You can search for hot topics related to a keyword or keyword group.
related_queries = pytrend.related_queries()
We’ll integrate the pytrend.related_queries() function into a list named related_queries. You can give this list any name you want.
Once it’s been set up, you have to launch the line below for values to be returned. You’ll see a distinction between top searches and rising searches.
You can also access “top” and “rising” information related to a particular keyword, like this:
Google Trends is known for its Trending Topics option, probably the most used function on the website. We can explore it in this example thanks to pytrends.
df_todaytt = pytrend.today_searches(pn='CA')
This bit of code allows us to see the Trending Topics for the day. You can manage the geographic part via the variable pn= (here it’s CA for Canada). We’ll save it all in a dataset called df_todaytt.
After all these steps full of code and possible uses for pytrends, I’m sure you’re anxious to know what exactly comes out of all this. You’re in the right place.
You of course need to filter out the noise that sneaks into these queries (Seoul or Securities and Exchange Organization of Iran), because Google Trends is not very qualitative in its suggestions (and our goal is to get ideas from the market).
The trends shown above are those for the beginning of April 2020 in Canada according to Google Trends.
Note: If you launch this script yourself, you might get different results since search trends are related to seasonality and to the country targeted.
There’s still some noise in this query; the strength of the example is that it also illustrates the importance of the human behind the automation of tasks via scripts.
To continue the analysis, you can export the data into a .csv file, for example:
dataframe.to_csv(‘./path/export/document.csv’, index = False, header = True)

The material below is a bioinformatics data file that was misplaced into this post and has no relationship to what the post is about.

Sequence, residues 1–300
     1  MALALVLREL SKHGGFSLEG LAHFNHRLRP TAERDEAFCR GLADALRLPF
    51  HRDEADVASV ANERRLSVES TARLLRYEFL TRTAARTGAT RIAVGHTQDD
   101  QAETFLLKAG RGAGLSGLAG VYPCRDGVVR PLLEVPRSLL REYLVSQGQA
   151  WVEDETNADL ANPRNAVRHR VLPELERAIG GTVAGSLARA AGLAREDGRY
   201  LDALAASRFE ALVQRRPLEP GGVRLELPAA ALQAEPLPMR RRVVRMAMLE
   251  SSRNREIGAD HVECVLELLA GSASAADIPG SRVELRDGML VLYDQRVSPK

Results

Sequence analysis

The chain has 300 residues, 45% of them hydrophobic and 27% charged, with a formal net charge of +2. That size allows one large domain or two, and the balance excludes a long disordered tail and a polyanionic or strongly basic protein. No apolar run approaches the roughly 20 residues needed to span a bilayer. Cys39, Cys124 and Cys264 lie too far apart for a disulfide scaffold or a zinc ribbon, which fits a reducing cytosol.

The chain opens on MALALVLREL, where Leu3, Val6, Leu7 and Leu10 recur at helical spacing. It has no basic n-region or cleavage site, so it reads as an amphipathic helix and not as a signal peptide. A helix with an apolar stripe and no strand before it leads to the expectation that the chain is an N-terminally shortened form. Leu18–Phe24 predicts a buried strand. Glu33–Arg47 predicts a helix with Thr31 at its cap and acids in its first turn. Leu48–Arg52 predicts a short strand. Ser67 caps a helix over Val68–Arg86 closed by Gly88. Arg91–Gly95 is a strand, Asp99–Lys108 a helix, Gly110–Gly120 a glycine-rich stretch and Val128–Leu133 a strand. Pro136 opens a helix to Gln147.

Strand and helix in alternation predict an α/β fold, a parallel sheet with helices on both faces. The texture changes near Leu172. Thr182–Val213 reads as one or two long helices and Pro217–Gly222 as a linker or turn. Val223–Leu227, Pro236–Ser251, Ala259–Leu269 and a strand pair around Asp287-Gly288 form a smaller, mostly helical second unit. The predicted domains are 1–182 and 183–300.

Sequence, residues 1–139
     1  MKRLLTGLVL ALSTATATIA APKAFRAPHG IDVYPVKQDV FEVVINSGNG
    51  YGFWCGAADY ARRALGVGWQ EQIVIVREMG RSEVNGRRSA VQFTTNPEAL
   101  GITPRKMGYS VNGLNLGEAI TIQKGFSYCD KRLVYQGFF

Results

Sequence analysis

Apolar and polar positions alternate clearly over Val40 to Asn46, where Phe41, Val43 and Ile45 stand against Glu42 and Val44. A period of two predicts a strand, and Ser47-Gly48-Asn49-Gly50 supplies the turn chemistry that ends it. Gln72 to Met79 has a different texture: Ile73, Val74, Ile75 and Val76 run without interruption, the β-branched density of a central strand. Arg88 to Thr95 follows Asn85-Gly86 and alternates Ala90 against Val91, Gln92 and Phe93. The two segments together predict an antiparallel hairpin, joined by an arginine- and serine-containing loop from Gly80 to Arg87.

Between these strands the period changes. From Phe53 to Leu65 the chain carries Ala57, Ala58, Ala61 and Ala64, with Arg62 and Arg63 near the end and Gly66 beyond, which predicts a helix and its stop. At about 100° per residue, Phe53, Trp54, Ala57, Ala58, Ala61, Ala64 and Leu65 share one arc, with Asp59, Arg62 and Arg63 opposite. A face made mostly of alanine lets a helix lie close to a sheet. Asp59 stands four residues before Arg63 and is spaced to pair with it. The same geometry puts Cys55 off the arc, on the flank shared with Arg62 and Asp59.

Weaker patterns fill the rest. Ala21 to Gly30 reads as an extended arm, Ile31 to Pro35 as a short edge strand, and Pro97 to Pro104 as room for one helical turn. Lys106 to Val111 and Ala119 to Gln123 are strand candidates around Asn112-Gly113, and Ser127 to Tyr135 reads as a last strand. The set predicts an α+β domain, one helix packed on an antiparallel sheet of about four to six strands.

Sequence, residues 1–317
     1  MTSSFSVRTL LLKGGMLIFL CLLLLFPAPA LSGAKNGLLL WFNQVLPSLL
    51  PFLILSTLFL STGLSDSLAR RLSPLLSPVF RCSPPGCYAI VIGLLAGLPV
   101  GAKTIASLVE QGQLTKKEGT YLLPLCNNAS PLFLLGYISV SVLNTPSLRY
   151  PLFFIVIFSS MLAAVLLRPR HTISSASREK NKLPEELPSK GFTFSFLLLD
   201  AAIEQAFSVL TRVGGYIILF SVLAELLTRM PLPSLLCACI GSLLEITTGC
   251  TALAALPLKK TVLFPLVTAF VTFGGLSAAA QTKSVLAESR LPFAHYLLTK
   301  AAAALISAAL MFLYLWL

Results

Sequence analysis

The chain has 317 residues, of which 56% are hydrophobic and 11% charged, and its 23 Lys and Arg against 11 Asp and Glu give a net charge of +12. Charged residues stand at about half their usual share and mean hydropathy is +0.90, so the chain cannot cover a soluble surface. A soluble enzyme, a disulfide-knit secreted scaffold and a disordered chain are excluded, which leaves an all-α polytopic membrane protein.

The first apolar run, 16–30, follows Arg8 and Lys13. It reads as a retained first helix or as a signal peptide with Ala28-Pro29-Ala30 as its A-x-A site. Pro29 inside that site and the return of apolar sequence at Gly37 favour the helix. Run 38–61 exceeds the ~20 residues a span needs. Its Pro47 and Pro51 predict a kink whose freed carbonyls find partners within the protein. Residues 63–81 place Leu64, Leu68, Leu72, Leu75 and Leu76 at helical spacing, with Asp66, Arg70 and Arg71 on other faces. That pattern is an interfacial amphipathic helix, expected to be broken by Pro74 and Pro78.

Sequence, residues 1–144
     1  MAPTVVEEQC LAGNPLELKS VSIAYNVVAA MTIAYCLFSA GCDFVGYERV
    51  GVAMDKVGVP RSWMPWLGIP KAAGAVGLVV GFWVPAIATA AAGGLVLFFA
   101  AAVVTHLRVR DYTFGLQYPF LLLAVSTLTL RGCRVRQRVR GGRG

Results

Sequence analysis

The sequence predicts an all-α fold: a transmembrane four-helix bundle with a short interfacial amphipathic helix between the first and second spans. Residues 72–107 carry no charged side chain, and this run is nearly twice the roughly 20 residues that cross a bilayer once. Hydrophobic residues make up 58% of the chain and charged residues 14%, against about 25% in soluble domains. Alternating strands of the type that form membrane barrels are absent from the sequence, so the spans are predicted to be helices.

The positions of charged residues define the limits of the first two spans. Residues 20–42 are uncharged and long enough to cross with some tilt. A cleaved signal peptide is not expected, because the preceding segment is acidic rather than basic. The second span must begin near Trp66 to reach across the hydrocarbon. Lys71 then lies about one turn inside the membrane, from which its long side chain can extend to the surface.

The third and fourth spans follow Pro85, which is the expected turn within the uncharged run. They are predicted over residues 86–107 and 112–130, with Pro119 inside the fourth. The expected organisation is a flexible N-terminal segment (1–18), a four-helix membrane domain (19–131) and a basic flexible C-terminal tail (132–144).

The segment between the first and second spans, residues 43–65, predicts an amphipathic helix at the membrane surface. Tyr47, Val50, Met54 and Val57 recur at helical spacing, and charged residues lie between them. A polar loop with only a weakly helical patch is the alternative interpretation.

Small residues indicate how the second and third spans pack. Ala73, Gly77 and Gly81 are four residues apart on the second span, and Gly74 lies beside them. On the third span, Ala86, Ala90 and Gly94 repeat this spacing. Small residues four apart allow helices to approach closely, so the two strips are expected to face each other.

We’ll use .to_csv and use the example of a dataset called dataframe.
The index = False and header = True parameters respectively allow you to remove the first column with the numbers 0 to N and to keep the table headers. Note that these parameters are case-sensitive, so be sure to specify False and True with a capital letter at the beginning of the word.
This technique can be used at any time to complement and reinforce your digital marketing strategy. But we also see a not-negligible value in employing it during this crisis, allowing you to better analyze the impact of COVID-19 on users’ searches.
These are keywords, related to the coronavirus in this case, with an order of importance where 100 is the highest and 0 is the lowest. The most queried terms are separate from the terms that have increased the most in search volume over time.
These are keywords classified by topic, in this case related to “coronavirus.”
You can do the same thing to find topics related to e-commerce or delivery.
The global trend right now is definitely searching for recipes to make your own bread at home.
When we search for topics related to “baking your own bread” we are able to identify expressions that might enrich the vocabulary of the pages of a cooking or online shopping site. It’s practical both for websites (development of a pillar page or group of pages) or for a YouTube channel during the launch of a video.
If we do the same thing for cake recipes, the information that emerges is very interesting:
Google Trends is a good tool that Google provides free, but like all tools, it has its limits: keyword comparison, comparison of 5 terms maximum, linguistic limitations for Quebec French for searches in Canada…
What’s more, an essential point to consider when it comes to Google Trends is that these are relative comparisons of keywords scaled from 0 to 100. It can be complex to interpret, which is why it’s recommended that you use an external tool (Google Search Console, Ahref, SEM Rush, etc.) to access the full volume of queries made. For example:
Additionally, you can’t forget to contextualize terms within the global positioning strategy for your brand or site. A keyword might see an increase in volume, but not be of any real interest in terms of ranking, for example during the current time of quarantine, don’t think covid, think more tips, delivery, help, etc.
In the end, you’ll find the same limits in pytrends as you do directly in Google Trends (5 keywords, comparisons, etc.) with some even more marked limits (geographic targeting).
The advantage of this API is that it allows you to automate part or all of your research, allowing you to make better marketing decisions. By automating, you’ll be able to connect several tools and several APIs so you can extract data faster and make decisions based on verified data.